The Limiting Reactant

Related Posts

The Limiting Reactant (OpenStax Chemistry 2e)

Stoichiometric amounts of sandwich ingredients for this recipe are bread and cheese slices in a 2:1 ratio. Provided with 28 slices of bread and 11 slices of cheese, one may prepare 11 sandwiches per the provided recipe, using all the provided cheese and having six slices of bread left over. In this scenario, the number of sandwiches prepared has been limited by the number of cheese slices, and the bread slices have been provided in excess.

Consider this concept now with regard to a chemical process, the reaction of hydrogen with chlorine to yield hydrogen chloride:

The balanced equation shows the hydrogen and chlorine react in a 1:1 stoichiometric ratio. If these reactants are provided in any other amounts, one of the reactants will nearly always be entirely consumed, thus limiting the amount of product that may be generated. This substance is the limiting reactant, and the other substance is the excess reactant. Identifying the limiting and excess reactants for a given situation requires computing the molar amounts of each reactant provided and comparing them to the stoichiometric amounts represented in the balanced chemical equation. For example, imagine combining 3 moles of H2 and 2 moles of Cl2. This represents a 3:2 (or 1.5:1) ratio of hydrogen to chlorine present for reaction, which is greater than the stoichiometric ratio of 1:1. Hydrogen, therefore, is present in excess, and chlorine is the limiting reactant. Reaction of all the provided chlorine (2 mol) will consume 2 mol of the 3 mol of hydrogen provided, leaving 1 mol of hydrogen unreacted.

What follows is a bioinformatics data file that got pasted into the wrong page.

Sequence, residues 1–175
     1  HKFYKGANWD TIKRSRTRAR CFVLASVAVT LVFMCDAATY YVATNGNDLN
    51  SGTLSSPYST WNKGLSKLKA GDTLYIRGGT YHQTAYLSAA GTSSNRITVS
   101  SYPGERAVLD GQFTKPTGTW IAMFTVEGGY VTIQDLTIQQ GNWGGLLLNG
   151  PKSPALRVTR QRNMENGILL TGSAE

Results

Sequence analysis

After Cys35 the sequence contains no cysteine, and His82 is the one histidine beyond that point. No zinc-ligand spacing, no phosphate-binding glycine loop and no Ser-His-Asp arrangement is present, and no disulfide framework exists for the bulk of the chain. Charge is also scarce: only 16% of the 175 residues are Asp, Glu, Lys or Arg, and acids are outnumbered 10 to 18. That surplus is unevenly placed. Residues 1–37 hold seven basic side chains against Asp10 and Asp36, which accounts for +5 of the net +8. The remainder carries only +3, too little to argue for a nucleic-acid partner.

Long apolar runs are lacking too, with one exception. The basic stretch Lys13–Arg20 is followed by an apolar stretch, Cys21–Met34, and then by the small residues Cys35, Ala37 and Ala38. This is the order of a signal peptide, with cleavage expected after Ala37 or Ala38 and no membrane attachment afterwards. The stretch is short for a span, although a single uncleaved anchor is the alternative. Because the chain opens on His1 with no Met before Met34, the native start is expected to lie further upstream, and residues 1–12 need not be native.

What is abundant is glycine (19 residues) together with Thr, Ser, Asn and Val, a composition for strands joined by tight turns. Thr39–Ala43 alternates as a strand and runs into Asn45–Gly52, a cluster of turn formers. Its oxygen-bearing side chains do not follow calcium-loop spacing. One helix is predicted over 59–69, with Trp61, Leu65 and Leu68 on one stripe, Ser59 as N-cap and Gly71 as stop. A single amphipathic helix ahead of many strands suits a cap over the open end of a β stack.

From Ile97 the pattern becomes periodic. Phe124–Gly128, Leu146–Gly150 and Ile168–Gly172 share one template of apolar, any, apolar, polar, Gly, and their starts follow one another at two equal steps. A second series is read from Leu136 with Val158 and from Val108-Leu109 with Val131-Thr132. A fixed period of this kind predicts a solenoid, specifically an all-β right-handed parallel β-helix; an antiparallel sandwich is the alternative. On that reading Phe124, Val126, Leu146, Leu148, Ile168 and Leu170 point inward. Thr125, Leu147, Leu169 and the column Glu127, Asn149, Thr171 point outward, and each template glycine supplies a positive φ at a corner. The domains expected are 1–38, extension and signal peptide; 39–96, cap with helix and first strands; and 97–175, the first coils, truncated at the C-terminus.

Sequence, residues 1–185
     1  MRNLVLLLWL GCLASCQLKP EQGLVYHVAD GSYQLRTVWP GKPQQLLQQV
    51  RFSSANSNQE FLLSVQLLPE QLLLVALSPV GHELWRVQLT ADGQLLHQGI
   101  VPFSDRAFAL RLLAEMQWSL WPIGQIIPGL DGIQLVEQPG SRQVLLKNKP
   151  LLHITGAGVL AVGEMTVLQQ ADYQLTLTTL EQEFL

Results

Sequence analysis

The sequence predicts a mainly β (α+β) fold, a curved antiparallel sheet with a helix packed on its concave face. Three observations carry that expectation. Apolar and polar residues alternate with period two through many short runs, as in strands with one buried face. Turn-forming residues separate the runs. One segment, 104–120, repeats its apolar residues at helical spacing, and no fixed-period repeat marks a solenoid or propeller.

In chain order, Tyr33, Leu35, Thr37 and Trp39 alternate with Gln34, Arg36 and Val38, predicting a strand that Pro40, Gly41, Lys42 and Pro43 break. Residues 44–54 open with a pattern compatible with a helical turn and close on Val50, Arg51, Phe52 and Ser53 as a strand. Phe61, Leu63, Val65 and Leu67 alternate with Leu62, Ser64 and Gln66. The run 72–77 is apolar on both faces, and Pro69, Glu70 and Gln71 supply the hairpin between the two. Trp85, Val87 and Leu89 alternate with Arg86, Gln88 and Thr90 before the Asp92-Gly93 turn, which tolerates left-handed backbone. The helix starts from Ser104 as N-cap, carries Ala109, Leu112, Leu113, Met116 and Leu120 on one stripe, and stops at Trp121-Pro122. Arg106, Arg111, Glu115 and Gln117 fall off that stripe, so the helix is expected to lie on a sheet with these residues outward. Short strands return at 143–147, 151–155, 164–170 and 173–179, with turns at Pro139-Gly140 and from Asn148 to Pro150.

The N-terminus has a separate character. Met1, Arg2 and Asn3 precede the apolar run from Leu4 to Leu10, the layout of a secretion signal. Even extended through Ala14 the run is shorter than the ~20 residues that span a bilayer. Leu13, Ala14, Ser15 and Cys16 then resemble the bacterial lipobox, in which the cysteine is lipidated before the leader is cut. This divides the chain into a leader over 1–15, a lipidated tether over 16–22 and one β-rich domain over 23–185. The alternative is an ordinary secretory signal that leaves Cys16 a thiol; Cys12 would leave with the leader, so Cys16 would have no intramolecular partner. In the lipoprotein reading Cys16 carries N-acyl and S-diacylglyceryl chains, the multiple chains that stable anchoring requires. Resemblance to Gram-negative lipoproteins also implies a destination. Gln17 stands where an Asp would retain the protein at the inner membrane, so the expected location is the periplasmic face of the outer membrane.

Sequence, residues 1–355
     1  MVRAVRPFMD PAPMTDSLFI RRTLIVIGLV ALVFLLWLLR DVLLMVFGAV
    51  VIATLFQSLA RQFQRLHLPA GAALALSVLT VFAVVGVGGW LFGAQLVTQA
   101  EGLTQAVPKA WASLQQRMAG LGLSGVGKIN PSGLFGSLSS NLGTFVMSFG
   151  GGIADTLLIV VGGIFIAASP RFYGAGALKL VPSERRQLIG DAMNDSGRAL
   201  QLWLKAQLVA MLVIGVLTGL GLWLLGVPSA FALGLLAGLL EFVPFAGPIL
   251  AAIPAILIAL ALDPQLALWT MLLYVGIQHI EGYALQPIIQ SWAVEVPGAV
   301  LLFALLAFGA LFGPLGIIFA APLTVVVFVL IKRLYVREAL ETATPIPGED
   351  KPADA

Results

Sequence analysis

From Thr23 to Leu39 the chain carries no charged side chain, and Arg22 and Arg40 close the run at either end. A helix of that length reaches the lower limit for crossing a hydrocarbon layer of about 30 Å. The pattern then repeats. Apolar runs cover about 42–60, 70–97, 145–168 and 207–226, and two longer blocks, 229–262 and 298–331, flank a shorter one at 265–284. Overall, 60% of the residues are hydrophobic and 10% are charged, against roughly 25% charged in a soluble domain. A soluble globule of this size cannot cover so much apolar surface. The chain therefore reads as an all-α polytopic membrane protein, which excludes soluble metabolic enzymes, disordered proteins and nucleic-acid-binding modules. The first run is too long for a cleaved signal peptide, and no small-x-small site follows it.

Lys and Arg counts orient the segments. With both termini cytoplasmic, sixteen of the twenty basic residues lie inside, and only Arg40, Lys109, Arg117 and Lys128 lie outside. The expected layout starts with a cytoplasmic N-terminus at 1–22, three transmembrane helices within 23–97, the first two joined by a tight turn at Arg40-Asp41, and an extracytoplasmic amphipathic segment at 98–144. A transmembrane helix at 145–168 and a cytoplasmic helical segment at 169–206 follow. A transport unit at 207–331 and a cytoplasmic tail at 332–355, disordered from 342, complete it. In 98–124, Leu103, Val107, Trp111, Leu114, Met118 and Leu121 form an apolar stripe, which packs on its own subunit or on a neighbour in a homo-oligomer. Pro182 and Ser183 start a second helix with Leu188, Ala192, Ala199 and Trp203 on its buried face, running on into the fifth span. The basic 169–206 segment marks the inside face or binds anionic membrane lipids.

An alternative approach to identifying the limiting reactant involves comparing the amount of product expected for the complete reaction of each reactant. Each reactant amount is used to separately calculate the amount of product that would be formed per the reaction’s stoichiometry. The reactant yielding the lesser amount of product is the limiting reactant. For the example in the previous paragraph, complete reaction of the hydrogen would yield

Complete reaction of the provided chlorine would produce

The chlorine will be completely consumed once 4 moles of HCl have been produced. Since enough hydrogen was provided to yield 6 moles of HCl, there will be unreacted hydrogen remaining once this reaction is complete. Chlorine, therefore, is the limiting reactant and hydrogen is the excess reactant.

Related Topic: Relating Reaction Mechanisms to Rate Laws

Source:

Flowers, P., Theopold, K., Langley, R., & Robinson, W. R. (2019, February 14). Chemistry 2e. Houston, Texas: OpenStax. Access for free at: https://openstax.org/books/chemistry-2e